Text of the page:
January 28, 2008 / 6:10 AM / 11 years ago

No ratatouille on Taiwan menu, but plenty of rat

CHIAYI, Taiwan (Reuters Life!) - Diners at two Taiwan village restaurants smell a rat each time they sit down to eat. And they love it.

The Ho-la Diner and the Jiashing restaurant opposite have run five or six rat eateries out of town over nearly six decades of business to become the top two ahead of the Year of the Rat, which begins on February 7.

Both display hairless rat carcasses in their kitchen windows before chopping off the heads and throwing the pint-sized bodies and tails into pots with basil and sweet, black sauce.

Both restaurants are full at meal times as the rat race for gnawing customers reaches fever pitch.

“Competition isn’t too bitter yet, and we like customers to compare the two places,” said Ho-la owner Lin Ming-chih, 54, whose father opened the diner and whose son cooks the rats.

“Most people who come in here at first have a psychological barrier, but once they take a bite, they don’t mind.”

The rats grow up on crops from fields surrounding the 18,000-population village of Lucao in Chiayi county — which means they are not dirty rats from sewers, Lin said.

And Ho-la chef Lin Kuei-chien is proud of his sauce which he keeps secret amid allegations of recipe copying. Customers seeking one restaurant often go in error to the other, the proprietors complain.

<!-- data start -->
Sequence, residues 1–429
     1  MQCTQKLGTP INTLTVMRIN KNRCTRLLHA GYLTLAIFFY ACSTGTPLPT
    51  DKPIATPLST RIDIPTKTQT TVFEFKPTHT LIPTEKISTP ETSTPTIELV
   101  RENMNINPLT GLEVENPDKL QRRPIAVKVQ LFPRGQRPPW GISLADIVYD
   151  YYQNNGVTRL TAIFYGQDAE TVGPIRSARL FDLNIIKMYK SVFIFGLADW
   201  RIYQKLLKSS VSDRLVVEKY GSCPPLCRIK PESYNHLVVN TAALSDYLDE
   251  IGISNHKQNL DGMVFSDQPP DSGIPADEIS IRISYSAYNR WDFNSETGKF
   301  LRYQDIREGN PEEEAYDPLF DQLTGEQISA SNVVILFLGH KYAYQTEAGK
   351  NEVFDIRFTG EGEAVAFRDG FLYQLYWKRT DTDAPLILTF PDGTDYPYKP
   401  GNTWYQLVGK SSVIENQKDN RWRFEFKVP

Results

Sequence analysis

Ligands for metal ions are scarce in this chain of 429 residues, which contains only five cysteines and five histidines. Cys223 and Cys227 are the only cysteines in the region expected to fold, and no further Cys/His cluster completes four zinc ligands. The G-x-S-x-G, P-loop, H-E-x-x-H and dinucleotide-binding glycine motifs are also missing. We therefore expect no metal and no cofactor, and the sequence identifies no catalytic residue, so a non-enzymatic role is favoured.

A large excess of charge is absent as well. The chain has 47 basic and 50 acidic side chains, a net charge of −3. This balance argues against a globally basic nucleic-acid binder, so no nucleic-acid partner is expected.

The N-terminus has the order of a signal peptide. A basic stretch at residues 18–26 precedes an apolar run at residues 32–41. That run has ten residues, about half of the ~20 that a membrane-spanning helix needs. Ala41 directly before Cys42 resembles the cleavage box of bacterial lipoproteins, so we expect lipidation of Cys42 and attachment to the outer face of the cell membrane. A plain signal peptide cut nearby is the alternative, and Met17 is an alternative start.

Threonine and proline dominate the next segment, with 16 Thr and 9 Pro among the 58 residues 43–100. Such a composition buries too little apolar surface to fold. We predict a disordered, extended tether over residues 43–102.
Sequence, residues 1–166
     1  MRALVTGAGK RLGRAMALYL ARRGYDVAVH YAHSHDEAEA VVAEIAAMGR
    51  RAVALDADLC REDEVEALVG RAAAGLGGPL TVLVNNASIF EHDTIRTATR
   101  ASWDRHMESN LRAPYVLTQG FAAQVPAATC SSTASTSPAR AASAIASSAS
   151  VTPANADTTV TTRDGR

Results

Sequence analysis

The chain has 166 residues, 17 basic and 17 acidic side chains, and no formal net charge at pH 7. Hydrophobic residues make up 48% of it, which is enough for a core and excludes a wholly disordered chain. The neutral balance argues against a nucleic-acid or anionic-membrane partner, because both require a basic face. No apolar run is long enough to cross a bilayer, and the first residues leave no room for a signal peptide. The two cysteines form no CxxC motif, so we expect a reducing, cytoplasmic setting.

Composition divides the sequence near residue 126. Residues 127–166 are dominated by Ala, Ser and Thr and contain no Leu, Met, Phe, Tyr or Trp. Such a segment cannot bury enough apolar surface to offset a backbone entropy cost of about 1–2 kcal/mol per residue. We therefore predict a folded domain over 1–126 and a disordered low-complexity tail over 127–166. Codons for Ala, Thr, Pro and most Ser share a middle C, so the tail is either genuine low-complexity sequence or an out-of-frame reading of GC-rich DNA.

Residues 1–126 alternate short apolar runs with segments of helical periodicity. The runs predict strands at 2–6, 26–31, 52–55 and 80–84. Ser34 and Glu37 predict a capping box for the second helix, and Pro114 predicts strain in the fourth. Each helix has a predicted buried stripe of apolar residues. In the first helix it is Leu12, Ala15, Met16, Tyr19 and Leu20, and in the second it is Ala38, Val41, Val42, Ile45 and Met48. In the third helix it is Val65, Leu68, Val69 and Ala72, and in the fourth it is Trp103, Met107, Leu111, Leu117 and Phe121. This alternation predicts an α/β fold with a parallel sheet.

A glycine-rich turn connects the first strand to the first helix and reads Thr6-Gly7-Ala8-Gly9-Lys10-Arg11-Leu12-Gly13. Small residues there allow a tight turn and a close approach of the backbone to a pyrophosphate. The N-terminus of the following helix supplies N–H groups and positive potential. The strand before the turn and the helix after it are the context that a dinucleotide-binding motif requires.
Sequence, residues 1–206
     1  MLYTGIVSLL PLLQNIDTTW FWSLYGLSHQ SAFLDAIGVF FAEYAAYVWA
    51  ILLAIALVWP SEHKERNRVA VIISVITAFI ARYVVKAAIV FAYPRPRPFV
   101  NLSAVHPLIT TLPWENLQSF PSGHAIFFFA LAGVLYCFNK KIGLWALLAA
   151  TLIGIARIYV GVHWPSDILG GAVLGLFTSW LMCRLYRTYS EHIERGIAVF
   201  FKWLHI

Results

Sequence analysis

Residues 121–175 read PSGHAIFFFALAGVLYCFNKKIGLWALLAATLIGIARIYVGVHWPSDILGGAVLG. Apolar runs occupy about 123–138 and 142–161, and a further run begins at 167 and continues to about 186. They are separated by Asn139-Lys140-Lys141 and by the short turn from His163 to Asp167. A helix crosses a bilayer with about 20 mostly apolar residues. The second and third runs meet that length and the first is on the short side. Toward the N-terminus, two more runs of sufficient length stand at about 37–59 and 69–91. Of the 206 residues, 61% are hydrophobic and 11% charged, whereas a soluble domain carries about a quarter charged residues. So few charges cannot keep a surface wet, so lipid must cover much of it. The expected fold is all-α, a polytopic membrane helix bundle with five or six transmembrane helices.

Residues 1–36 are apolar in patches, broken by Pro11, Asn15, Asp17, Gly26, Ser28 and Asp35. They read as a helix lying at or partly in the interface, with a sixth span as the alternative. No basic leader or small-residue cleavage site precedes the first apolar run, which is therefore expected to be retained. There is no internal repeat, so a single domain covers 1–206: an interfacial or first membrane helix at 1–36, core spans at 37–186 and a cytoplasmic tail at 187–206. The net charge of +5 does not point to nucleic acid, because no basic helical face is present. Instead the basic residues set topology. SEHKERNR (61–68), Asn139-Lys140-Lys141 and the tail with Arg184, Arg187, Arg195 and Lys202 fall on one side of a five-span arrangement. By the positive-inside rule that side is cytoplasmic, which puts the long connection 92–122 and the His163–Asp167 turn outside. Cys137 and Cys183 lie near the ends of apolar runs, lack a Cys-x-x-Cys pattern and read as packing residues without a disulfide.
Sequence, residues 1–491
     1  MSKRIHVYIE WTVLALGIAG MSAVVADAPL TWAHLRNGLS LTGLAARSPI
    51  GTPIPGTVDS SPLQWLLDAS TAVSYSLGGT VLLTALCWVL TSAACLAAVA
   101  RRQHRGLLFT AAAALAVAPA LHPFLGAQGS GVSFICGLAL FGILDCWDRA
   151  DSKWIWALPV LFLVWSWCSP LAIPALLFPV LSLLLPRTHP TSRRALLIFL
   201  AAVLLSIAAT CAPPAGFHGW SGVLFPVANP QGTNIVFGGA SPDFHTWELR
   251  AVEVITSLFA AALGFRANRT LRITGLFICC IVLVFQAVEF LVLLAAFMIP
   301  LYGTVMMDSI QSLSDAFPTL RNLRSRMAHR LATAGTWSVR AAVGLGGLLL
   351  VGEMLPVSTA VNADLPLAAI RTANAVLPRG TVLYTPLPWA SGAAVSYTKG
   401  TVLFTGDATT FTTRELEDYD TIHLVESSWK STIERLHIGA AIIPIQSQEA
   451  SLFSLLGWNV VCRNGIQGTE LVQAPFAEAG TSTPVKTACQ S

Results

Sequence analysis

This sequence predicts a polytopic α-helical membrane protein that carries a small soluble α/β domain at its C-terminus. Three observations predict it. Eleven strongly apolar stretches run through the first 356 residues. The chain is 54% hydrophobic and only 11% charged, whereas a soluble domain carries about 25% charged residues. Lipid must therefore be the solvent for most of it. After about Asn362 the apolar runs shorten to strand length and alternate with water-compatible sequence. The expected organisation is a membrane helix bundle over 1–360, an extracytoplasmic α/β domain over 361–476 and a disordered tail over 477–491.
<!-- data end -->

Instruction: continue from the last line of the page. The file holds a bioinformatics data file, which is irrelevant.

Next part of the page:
Ho-la serves 10 rat-themed dishes, including a rat soup and battered, black pepper-dipped, deep-fried rat. Jiashing serves 12 rat platters, focusing on one similar to the more common kung-pao chicken.

Rat meat, also eaten in China, became popular in rural Taiwan in the 1940s and 1950s among people who could not afford chicken or pork, both restaurateurs said. Then the flavor caught on.

“Rat meat tastes just like chicken, but it takes some getting used to, since we associate rodents with filth and germs,” said customer Dan Bloom, an American-born English teacher. “But these sugarcane-fattened farm rats are simply delicious.”

Despite a sustained following of local customers, other rat meat restaurants have shut down for lack of business, with the most recent closure about five years ago. Both remaining diners go through 18 kg (40 lb) of rat meat per day.

“I wouldn’t say it’s too competitive yet,” said Huang Chen-fu, 38, third-generation owner of Jiashing. “We both depend on tourist drop-ins.”

Editing by Nick Macfie

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